Terrace Park, Ohio (CNN) -Republican presidential candidate Mitt Romney stepped into the middle of the charged battle over organized labor in Ohio on Tuesday, but he avoided weighing in on the contentious legislation that would dramatically limit the collective bargaining rights of public sector unions.
The former Massachusetts governor visited an Ohio Republican Party phone bank in the suburbs of Cincinnati, where GOP volunteers were contacting voters about two hot-button measures that will be on the Nov. 8 ballot.
One of them, Issue 2, would ratify Senate Bill 5 - the controversial legislation backed by Republican Gov. John Kasich that curbs collective bargaining rights for public employees.
Another measure, Issue 3, would amend the state constitution to forbid the state and federal government from imposing a mandate to buy health insurance.
Romney expressed generic support for Kasich's efforts to curtail union rights, but he would not say whether he supports or opposes the specific measures.
"I am not speaking about the particular ballot issues," Romney said, only after repeated questions from reporters. "Those are up to the people of Ohio. But I certainly support the efforts of the governor to reign in the scale of government. I am not terribly familiar with the two ballot initiatives. But I am certainly supportive of the Republican Party's efforts here."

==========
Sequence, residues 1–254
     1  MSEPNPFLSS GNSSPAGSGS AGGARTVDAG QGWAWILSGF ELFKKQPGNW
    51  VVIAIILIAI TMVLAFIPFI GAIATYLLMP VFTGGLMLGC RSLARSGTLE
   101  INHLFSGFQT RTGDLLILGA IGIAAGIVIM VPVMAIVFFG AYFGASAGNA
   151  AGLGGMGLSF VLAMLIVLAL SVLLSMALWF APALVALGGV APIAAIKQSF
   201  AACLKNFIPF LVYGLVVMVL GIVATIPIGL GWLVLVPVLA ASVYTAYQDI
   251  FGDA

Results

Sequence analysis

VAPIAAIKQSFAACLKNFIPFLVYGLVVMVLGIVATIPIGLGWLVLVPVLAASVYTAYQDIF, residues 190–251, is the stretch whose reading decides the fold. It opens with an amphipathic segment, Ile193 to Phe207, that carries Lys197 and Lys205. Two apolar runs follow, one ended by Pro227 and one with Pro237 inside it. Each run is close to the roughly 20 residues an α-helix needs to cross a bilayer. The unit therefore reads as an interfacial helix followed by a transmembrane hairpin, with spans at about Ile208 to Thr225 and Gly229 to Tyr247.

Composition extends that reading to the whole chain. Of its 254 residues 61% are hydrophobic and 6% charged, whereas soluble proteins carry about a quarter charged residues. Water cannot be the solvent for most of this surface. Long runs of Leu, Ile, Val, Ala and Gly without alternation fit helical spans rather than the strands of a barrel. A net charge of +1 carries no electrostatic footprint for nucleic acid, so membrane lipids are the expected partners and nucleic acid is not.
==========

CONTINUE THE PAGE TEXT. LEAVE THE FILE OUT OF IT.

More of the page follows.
Both topics are tricky for the Romney campaign.
He is no stranger to health insurance mandates, having passed one of his own in 2006 while governor of Massachusetts.
Meanwhile, the Republican-backed union legislation remains deeply unpopular in the state, which is all but certain to be a swing state once again in 2012.
A Quinnipiac poll released Tuesday showed that Ohio voters support the repeal of Senate Bill 5 by a 57-32 margin. And crucially, independent voters in Ohio favor repealing the legislation by a 52-36 margin.
It was no surprise, then, that the Romney campaign did not advertise the Ohio visit to reporters.
And Kasich, whose disapproval rating stands at 54% according to Quinnipiac, was not in attendance.
Romney arrived mid-morning with a traveling aide and shook hands with local Republicans before speaking to volunteers inside the building.
Though he was surrounded by brightly-colored signs urging Ohioans to vote yes on Issue 2 and Issue 3, Romney sidestepped both matters and instead delivered familiar broadsides against unions.
He attacked the National Labor Relations Board for holding up the construction of a Boeing facility in South Carolina and trashed union-backed "card check" legislation.
"There is a lot of spirit in this room, and I want to salute that spirit and the volunteerism that is gathered here to take back America," Romney said. "If I am fortunate enough to be the nominee, I intend to win Ohio with your help."
Rep. Jim Renacci, a freshman congressman from northeast Ohio, made the trip to Cincinnati and endorsed Romney at the event.
Ohio GOP Chairman Kevin DeWine, who is neutral in the presidential race, also spoke at the event.